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Gram-positive: Staphylococci and Streptococci. Medical Microbiology SBM 2044. Staphylococcus aureus. The most common pus-forming (pyogenic) bacteria Can produce focal abscess, from the skin (furuncles, boils) to the lungs, osteomyelitis, kidneys and endocarditis

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Gram-positive: Staphylococci and Streptococci

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Gram-positive: Staphylococci and Streptococci

Medical Microbiology

SBM 2044


Staphylococcus aureus

  • The most common pus-forming (pyogenic) bacteria

  • Can produce focal abscess, from the skin (furuncles, boils) to the lungs, osteomyelitis, kidneys and endocarditis

  • Include S. aureus, S. epidermidis, S. saprohyticus (UTI)

  • S. aureus can persist in the body because they have numerous cell surface virulence, exotoxins and enzymes


S. aureus

  • Staphylo = grape clusters (Greek)

  • A large 1µm Gram-positive coccus growing in cluster-of-grapes shape.

  • Can survive in long period of dry, on inanimate object. Heat resistant.

  • Identification: large, creamy colonies on nutrient agar; catalase +


Staphylococci


S. aureus

Encounter

  • Major reservoirs = humans

  • Live on skin – grow at high salt and lipid concentrations because they make lipases and glycerol ester hydrolases, that degrade skin lipids

  • Colonise skin and mucosal surfaces using MSCRAMMs:

    • Fibronectin–binding proteins (FnbpA, FnbpB)

    • Collagen-binding

    • Clumping factors A and B

  • Spread person-to-person by direct contact or airborne


S. aureus pathogenesis

  • Entry

  • Tissue penetration upon skin or mucosal membrane damaged by cut

  • Spread and Multiplication

  • Survival in tissues dependon

    • no. of entering microorganisms

    • site involved

    • speed of body’s inflammatory responses

    • immunological history of the host


S. aureus pathogenesis

  • Damage

  • Local infections  pus collection, i.e. abscess

  • Staphylococci can spread into subcutaneous and submucosal tissues and caused cellulitis

  • Activate acute inflammatory reaction, pouring in chemotactic factors

  • Damaged area are usually localised by the formation of thick-walled fibrin capsule : center of abscess is necrotic with debris of dead cells

  • Why many virulence factors?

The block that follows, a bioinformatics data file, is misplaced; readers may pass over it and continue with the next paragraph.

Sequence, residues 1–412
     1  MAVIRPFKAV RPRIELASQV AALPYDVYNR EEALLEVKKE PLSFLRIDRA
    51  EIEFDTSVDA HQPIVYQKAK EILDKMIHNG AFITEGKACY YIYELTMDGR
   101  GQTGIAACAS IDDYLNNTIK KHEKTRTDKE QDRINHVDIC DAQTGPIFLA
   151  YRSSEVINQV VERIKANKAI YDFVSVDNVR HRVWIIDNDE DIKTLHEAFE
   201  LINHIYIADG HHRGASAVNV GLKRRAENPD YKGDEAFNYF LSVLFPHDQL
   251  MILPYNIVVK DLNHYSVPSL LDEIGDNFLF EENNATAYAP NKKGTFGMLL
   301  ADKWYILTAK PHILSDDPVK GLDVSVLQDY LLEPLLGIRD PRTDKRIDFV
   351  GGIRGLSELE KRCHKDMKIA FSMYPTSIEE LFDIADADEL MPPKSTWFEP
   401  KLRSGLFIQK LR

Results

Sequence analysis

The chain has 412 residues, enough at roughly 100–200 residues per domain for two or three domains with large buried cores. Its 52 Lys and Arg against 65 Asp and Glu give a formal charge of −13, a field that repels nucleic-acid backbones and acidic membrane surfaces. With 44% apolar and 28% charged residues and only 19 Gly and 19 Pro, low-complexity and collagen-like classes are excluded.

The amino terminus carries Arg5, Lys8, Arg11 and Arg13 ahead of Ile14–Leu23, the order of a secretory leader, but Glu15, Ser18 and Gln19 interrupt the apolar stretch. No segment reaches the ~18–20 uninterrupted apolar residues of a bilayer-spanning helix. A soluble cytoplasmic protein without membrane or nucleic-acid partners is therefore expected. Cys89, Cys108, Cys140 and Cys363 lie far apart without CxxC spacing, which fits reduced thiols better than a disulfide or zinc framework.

• Surface structures:

  • Capsules – inhibit phagocytosis

  • Peptidoglycan – interacts with TLR-2, activate alternative pathway

  • Teichoic acid – C’ activation and adherence to mucosal cells

  • Protein A – binds to Fc terminus of IgG

  • Secreted factors:

  • Catalase – H2O2 H2O

  • Coagulases – fibrinogen  fibrin

  • Pore-forming toxins – create channels to disturb cellular homeostasis

  • Haemolysins –

  • Leukocidin

  • Hyaluronidase – hydrolyse matrix of connective tissues

  • Β-lactamase – hydrolyse penicillin

  • Penicillin-binding protein (PBP2a)


S. epidermidis

  • Normal flora, rarely caused disease

  • Infections of S. epidermidis with other catalase-negative staphylococci in patients implanted with artificial devices e.g. prosthetic joints or IV catheters

  • Results in septicaemia and endocarditis

  • Possibly peptidoglycan or slime layer allows the organisms to stick to the surface of plastics


S. saprophyticus

  • Caused cystitis in young women


Staphylococcal toxin diseases

  • Staphylococcal scalded skin syndrome (SSSS)

    • Exfoliative toxins A and B – highly tissue specificserine proteases that causes separation of the layers of the epidermis at the desmosomes

  • Staphylococcal toxic shock syndrome (TSS)

    • characterised by fever, skin rash, hypotension, peeling of the skin

    • use tampons – oxygenated vagina and stimulate toxin production

    • TSST-1, staphylococcal enterotoxins AE

  • Virulence gene regulation – two-component regulatory systems

    • Accessory gene regulator (Agr), staphylococcal respiratory response (Srr)


  • Diagnosis

  • Gram stain and culture

  • Treatment

  • Methicillin-sensitive S. aureus – Rx: semi-synthetic penicillins and cephalosporins

  • Methicillin-resistant S. aureus – Rx: vancomycin